September 2020 NEWSLETTER
Noise Pollution: By the Decibels
EV School is a new series focused on electrical vehicle education. Each issue, we’ll dive into a different benefit of driving electric, designed to give you the tools to be an advocate in your community. After all – An EV is Just a Car, Only Better.
When you hear about pollution, you might picture exhaust fumes, but there’s another kind that you might not be aware of — noise pollution. We know electric vehicles are quieter than their combustion cousins, but what exactly does that mean?
A Study of Decibels
Normal conversation is about 60 decibels (dB), a lawnmower is about 90 dB, and a loud rock concert is about 120 dB. Sounds louder than 85 dB pose a risk of permanent hearing loss, depending on how long and how often you are exposed to them. Additionally, studies show that anything at or above 65 dB can trigger an increase in blood pressure, heart rate, and stress hormones in the blood.
Trucks and motorcycles can emit noise in the range of 90–96 dB, comparable to the sound a subway train makes from 200 feet away, while average heavy traffic is more like 80 dB.
Check out this experiment from Nissan Asia, titled "What will a 'City of the Future' sound like?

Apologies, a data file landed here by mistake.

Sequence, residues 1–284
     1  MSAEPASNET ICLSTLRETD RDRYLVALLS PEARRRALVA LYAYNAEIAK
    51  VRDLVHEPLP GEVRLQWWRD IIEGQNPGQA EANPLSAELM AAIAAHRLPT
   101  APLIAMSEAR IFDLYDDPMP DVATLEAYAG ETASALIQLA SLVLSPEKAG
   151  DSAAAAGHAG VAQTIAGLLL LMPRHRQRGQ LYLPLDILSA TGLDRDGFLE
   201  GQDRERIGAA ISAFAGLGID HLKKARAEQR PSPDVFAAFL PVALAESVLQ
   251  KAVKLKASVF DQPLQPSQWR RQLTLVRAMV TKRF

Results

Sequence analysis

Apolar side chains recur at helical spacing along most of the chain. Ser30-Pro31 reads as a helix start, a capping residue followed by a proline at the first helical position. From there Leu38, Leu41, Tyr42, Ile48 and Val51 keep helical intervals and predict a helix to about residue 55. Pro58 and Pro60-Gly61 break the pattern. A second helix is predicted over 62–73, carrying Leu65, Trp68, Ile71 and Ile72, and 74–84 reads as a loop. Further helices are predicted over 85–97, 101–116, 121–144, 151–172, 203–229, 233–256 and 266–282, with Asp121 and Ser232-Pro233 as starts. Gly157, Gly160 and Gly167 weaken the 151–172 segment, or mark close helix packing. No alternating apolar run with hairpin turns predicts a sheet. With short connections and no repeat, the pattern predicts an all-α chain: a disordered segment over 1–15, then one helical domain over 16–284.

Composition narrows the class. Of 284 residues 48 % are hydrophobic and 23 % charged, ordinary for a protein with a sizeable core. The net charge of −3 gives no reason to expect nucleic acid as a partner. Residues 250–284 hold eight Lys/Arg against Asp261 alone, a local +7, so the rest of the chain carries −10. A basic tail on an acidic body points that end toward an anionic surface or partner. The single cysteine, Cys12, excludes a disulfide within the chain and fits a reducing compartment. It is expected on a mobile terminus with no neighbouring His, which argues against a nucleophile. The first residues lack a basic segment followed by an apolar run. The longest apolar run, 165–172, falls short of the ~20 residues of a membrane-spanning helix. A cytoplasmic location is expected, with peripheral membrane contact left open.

Make Some Noise
At speeds above 18.6 mph, both gasoline and electric cars generate noise from wind resistance and tires. But electric vehicles (EVs), which lack noisy combustion engines, are often virtually silent.
EVs are so quiet, in fact, that new regulations will require them to make an artificial sound at low speeds in order to warn pedestrians and the visually impaired of their approach. At a standstill, EVs must make a sound of at least 40 dB, about the volume of a refrigerator softly humming.
For car manufacturers, this has become an opportunity to create distinctive sounds, giving electric vehicles their own flair. For example, BMW hired Hans Zimmer to compose noises for its Vision M Next, making the concept electric supercar sound like the backdrop to an action thriller.
In an amendment, the US National Highway Traffic Safety Administration has added a proposal that says drivers should be able to “select the sound they prefer from the set of sounds installed in the vehicle.”
On the other hand, Ford is striving to mimic the rumble of its namesake muscle car inside the cabin of the new all-electric Mustang Mach-E. Electronically generated sounds will be generated through the car’s speakers, changing based on which mode the vehicle is set to. There are three: whisper, engaged, and unbridled. Each mode is tuned to change based on the vehicle’s driving dynamics and other characteristics, such as the information cluster and ambient lighting.
Polluting your Ears
Like any other pollution, noise pollution is a nuisance to society. Regardless of how personalized a sound the make, EVs have the potential to reduce traffic noise in parking areas and residential streets, improving quality of life for ourselves and our neighbors.